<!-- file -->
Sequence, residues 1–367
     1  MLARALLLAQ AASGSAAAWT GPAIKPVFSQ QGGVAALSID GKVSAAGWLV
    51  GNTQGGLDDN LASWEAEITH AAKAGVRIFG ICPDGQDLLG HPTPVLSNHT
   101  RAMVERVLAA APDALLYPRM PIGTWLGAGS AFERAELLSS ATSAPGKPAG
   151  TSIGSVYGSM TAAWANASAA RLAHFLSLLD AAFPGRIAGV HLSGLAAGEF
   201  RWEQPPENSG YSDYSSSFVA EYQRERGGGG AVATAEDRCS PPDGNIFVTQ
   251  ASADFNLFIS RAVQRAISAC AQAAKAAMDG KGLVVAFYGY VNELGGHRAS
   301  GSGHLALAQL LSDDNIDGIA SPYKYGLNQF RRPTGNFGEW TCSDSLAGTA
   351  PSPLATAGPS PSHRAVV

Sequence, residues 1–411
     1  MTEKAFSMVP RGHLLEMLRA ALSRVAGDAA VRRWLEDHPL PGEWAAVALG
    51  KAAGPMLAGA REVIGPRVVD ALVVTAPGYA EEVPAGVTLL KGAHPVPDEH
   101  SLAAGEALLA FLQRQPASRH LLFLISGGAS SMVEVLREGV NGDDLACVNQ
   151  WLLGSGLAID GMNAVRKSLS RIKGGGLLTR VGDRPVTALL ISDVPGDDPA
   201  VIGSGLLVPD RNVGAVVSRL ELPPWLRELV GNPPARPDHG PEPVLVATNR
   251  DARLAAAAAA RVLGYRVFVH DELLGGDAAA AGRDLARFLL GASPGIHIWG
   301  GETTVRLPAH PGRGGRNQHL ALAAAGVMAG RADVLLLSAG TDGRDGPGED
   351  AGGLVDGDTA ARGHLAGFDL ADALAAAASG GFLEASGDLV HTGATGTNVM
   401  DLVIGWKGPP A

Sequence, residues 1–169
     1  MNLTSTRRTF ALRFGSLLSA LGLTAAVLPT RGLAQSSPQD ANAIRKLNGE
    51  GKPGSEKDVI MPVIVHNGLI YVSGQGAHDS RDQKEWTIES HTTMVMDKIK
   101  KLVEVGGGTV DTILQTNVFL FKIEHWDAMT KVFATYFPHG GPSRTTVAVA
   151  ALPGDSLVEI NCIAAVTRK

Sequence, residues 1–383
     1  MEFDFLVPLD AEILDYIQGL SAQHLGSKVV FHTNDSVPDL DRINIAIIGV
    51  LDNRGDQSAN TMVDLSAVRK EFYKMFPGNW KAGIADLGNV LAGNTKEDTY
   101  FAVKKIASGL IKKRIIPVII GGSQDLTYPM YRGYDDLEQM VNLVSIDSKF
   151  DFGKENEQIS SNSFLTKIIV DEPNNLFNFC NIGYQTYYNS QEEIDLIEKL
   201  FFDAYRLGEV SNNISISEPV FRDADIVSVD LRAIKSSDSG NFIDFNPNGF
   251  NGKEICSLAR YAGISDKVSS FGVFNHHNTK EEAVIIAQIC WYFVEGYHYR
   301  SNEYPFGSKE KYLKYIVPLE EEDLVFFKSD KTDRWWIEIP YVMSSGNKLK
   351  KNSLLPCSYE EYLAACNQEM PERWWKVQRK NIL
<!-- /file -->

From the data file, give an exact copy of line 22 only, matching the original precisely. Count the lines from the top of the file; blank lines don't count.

    51  GKPGSEKDVI MPVIVHNGLI YVSGQGAHDS RDQKEWTIES HTTMVMDKIK